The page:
“Our lives are lived in intense
and anxious struggle, in a swirl of speed
in competing, grasping,
possessing and achieving,
forever burdening ourselves with extraneous activities and preoccupations.”
Sogyal Rinpoche, Offerings
I recently learned of an author named Wei Wu Wei, whose name translates to mean “doing without doing.” I have not read his material directly, but I’ve read quotes from his work. And this weekend, after my retreat, travels in California, and then my return home to Florida, I realized I was out of balance. It became apparent that I needed to return to that state where I could do without doing. So, that became my intention. But what does it actually mean to do without doing? For me, it means keeping a connection to the deep inner pool of quiet and stillness while at the same time engaging with the world and its incessant demands. To approach tasks from a more spacious, less attached, less anxious, and more centered way; finding a quality of doing that is alive and unforced. Let me give you an example.
I love being in California, I love being on retreat, yet the disengagement from life and the necessary movement of travel requires integration. Integration requires making room and space. Life can get so busy it’s almost as if the momentum of the previous actions continually propels us forward. Yet if we don’t get off the wheel, we don’t disengage, we burn ourselves out. Sunday, there were many things still on the To-Do list, yet I found I had almost no energy to attend to them. Here’s what I did last weekend to help me integrate and unplug:
- I looked at what was on the To-Do list and figured out what was absolutely essential for the day/moment.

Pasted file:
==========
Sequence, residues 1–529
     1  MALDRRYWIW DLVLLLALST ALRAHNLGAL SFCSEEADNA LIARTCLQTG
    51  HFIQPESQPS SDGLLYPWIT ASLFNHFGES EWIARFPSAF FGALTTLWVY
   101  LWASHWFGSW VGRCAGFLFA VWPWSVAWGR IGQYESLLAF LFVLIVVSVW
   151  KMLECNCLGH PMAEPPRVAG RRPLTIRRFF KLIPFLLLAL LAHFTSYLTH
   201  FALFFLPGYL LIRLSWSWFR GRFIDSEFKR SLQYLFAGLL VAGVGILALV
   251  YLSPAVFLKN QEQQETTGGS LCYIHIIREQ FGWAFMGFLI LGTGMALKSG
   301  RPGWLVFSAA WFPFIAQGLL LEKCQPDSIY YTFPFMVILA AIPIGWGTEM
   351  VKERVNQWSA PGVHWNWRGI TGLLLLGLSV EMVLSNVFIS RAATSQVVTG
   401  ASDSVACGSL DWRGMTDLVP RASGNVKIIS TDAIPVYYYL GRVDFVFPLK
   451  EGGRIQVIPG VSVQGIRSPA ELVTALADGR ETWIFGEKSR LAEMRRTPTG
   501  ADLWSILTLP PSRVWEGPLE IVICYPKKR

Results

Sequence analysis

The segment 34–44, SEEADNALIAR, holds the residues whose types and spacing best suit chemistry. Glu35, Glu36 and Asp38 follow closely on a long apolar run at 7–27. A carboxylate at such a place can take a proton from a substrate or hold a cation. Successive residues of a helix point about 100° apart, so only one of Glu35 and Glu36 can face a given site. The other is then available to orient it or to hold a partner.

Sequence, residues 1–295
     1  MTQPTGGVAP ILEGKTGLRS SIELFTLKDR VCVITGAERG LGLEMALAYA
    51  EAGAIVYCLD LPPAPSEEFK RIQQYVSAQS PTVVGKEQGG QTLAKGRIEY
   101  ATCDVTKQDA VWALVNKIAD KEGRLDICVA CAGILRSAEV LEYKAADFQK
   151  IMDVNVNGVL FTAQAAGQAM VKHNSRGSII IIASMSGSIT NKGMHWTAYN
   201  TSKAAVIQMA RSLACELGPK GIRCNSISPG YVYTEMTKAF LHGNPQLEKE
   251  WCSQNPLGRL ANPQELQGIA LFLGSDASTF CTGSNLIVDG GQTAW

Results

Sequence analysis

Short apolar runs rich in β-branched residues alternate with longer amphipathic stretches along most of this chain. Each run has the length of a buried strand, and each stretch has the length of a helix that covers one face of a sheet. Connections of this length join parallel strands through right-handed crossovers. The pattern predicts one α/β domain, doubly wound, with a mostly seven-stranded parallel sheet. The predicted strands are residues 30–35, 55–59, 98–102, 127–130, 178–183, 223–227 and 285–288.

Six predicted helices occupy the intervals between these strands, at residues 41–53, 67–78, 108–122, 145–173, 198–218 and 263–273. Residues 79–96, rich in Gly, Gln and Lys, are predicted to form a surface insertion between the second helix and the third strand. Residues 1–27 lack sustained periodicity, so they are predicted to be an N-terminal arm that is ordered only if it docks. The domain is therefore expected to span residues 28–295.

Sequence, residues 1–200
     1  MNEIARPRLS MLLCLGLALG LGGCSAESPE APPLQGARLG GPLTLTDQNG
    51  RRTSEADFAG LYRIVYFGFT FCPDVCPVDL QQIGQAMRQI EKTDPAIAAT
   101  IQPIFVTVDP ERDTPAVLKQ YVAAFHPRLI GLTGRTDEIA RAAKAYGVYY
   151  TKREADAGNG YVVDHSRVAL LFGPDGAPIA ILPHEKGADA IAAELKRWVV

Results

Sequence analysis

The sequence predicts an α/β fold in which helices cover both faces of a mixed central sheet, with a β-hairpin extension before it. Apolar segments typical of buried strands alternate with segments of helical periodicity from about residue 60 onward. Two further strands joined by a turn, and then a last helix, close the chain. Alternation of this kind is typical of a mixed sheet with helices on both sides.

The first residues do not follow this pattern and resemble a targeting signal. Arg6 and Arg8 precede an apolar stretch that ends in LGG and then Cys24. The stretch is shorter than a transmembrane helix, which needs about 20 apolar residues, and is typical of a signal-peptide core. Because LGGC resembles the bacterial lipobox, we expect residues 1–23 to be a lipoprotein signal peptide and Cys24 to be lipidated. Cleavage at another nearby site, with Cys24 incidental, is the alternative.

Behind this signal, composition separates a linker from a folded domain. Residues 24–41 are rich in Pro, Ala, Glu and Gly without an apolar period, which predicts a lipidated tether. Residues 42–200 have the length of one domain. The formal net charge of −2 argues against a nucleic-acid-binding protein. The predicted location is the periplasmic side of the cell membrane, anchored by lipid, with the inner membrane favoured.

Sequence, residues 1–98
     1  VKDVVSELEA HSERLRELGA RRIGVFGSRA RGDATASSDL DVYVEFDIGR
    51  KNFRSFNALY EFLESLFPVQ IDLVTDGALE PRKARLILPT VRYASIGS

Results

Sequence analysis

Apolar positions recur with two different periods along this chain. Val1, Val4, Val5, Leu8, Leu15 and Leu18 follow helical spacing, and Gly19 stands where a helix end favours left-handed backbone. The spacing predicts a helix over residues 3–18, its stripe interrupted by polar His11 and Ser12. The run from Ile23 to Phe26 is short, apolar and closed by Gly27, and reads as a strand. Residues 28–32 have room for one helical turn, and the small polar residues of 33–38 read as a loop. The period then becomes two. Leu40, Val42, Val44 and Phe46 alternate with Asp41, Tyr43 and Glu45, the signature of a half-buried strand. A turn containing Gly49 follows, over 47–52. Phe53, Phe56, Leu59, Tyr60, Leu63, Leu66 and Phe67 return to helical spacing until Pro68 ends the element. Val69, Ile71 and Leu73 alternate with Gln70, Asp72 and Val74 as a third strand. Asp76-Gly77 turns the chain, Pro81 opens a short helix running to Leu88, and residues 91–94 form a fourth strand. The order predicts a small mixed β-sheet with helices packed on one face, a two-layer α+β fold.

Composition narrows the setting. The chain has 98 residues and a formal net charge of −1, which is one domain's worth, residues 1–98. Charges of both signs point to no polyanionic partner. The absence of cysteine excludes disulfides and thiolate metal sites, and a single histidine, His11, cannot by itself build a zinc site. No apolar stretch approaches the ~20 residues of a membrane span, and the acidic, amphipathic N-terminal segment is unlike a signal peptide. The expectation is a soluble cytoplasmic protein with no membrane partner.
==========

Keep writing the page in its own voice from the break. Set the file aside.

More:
Then, looking only at the essential demands, a prioritization was created, and actions were triaged—critical first, important later.
Once every essential item had been attended to (which included communicating some things that would be addressed the following week), I tuned into my body and essence.
Then, I gave my body and inner life exactly what it needed—in my case, resting and laying around.
Every time I thought about attending to a small detail on that list, everything in me said “no.” And so, I repeated the above for about 6 to 7 hours. And what I noticed was that my breathing deepened, my body softened, inspiration arrived, my heart opened, gratitude flowed, mental chatter quieted, and my dear body relished every ounce of this nourishing non-doing.
That rest nourished and replenished me; the following day, I woke up with an enormous amount of creative energy back online. And it is because I allowed myself to swing deeply into the stillness, rest, and recovery. I then moved into greater dynamism, creativity, productivity, and alertness. It has taken me years to learn that deep rest is essential to be highly efficient. I invite you to deliberately take time each week to do nothing on purpose until you can find yourself doing in the atmosphere of non-doing.
“The highest meditation is simply to be”
by Rupert Spira
from Being Aware of Being Aware